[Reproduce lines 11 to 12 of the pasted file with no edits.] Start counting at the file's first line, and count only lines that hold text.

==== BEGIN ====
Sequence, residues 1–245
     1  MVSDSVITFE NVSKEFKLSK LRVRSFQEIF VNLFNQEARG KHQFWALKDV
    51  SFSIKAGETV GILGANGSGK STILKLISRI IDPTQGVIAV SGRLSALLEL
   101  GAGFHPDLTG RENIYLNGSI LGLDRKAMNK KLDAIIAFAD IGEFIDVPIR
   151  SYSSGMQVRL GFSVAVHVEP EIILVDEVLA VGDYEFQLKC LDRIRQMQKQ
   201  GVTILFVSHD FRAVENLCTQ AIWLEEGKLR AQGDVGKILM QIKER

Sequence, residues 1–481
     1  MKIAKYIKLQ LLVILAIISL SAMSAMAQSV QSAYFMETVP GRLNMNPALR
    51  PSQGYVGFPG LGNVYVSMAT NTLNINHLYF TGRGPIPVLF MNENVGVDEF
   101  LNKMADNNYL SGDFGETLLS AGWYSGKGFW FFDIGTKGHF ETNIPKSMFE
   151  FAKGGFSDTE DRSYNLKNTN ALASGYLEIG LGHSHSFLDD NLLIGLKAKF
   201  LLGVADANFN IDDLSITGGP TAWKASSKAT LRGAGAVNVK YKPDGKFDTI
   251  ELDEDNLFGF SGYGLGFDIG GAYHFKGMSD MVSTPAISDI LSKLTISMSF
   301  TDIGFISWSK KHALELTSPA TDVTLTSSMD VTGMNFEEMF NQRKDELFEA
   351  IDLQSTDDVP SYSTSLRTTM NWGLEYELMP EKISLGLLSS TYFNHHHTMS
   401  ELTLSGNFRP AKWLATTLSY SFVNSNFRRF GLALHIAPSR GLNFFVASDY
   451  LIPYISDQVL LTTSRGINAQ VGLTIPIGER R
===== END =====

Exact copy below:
   151  FAKGGFSDTE DRSYNLKNTN ALASGYLEIG LGHSHSFLDD NLLIGLKAKF
   201  LLGVADANFN IDDLSITGGP TAWKASSKAT LRGAGAVNVK YKPDGKFDTI